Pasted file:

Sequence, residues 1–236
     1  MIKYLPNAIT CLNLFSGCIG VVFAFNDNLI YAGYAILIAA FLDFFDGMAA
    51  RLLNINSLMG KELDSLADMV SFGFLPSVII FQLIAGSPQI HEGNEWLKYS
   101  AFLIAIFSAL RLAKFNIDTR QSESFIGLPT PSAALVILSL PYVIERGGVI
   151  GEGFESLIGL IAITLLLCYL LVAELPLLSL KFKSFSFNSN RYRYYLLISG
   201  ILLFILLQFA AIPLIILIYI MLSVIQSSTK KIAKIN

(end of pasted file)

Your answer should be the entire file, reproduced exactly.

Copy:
Sequence, residues 1–236
     1  MIKYLPNAIT CLNLFSGCIG VVFAFNDNLI YAGYAILIAA FLDFFDGMAA
    51  RLLNINSLMG KELDSLADMV SFGFLPSVII FQLIAGSPQI HEGNEWLKYS
   101  AFLIAIFSAL RLAKFNIDTR QSESFIGLPT PSAALVILSL PYVIERGGVI
   151  GEGFESLIGL IAITLLLCYL LVAELPLLSL KFKSFSFNSN RYRYYLLISG
   201  ILLFILLQFA AIPLIILIYI MLSVIQSSTK KIAKIN